end up dancing around to Grandmaster Flash in an 85 degree

Now that I live alone I have to find ways to entertain myself. I
like to make funny faces at myself in the bathroom mirror and
laugh at my own small misfortunes. After playing in the snow one
day, I hung my slightly damp pants to dry in the shower. Hours
later, when I returned to put them back on; I found them dripping
wet from a leaky faucet. I thought this was hilarious and laughed
and laughed out loud at myself.

One day I decided it was too cold to cut kindling outside. Instead I
held the kindling between my stocking feet to steady it for my
hatchet. I knew it was silly since I’m not that slick with hand
eye coordination. Of course I hit myself in the shin and blood
spurted everywhere through my stripey pajama pants, horror movie
style. Ok, well maybe it didn’t spurt, but it bled a lot and I
couldn’t go up or down the stairs for a few days.

When I left Minneapolis I felt completely disenchanted and
critical of the anarchist scene, but since I was in the city for a bit
over the holiday I realized that there are people doing really great
things there. I attended a discussion on sexual violence in the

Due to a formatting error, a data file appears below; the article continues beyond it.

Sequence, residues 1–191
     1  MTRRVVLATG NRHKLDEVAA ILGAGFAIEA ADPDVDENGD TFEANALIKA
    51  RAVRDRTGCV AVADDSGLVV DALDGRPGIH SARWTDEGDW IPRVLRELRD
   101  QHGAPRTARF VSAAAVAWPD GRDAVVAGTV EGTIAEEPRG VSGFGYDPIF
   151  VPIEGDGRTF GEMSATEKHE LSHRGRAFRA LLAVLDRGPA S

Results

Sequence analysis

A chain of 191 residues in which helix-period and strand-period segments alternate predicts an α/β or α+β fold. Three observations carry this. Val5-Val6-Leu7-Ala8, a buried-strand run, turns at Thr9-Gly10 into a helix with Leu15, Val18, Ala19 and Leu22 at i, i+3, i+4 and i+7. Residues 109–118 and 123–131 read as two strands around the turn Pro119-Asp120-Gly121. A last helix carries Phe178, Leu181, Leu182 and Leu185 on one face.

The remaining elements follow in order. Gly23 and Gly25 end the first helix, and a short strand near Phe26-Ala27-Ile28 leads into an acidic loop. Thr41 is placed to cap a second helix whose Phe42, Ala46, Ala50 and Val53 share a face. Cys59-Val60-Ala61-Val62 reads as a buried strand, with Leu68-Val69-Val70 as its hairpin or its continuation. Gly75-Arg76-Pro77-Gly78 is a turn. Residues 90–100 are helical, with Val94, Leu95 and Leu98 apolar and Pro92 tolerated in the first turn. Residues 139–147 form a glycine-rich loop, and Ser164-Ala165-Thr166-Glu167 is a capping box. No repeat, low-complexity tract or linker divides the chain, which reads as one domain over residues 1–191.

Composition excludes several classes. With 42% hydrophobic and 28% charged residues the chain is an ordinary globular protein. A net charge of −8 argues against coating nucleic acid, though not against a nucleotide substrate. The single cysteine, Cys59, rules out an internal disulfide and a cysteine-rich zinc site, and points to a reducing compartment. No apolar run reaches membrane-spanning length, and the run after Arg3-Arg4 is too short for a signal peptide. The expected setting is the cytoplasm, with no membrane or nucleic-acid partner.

radical community put on by a group called Dealing With Our Shit.
It was similar to most forums I’ve been to on this topic, we
started from square one and really didn’t come to any concrete
conclusions. However, near the end, people mentioned the various
small groups they participate in which discuss topics from sexual
assult to positive body image. Even if our steps are tiny, we are
slowly creating something huge that the rest of western civilization
lacks. As a person who plans to live outside of the city indefinitely,
I realize that I need to continue to be a part of a community.
Whether that means bringing the Minneapolis anarchist scene with
me, finding a new community of folks where I go, or a bit of both, I
think it’s important to have the support of people who care
about you. To set up a network of folks who are there to catch you
when you fall.

Ultimately, moving to northern Minnesota has been a wonderful
experience where I’ve had a chance to get to know my own
needs and desires and to feel empowered and strong. Confident in
my own decisions. I have also learned how important the support of
my loved ones is to me. How important a community as a whole
can be., to secretly monitor their neighbors. At the same time, this
neighborhood has received a $975,000 CityKids grant for life skills
training and summer programs for local youth. The document
indicates that they would run this youth program out of the same
house as a way to obscure the presence of the undercover cops and
that the kids would provide free labor to maintain the house, do
laundry, clear snow and provide lawn care. This house will be
dubbed the Community Learning Center--but it seems to us it is
the cops who will do most of the "learning."
Daybreak is an anarchist tabloid put out from Minneapolis.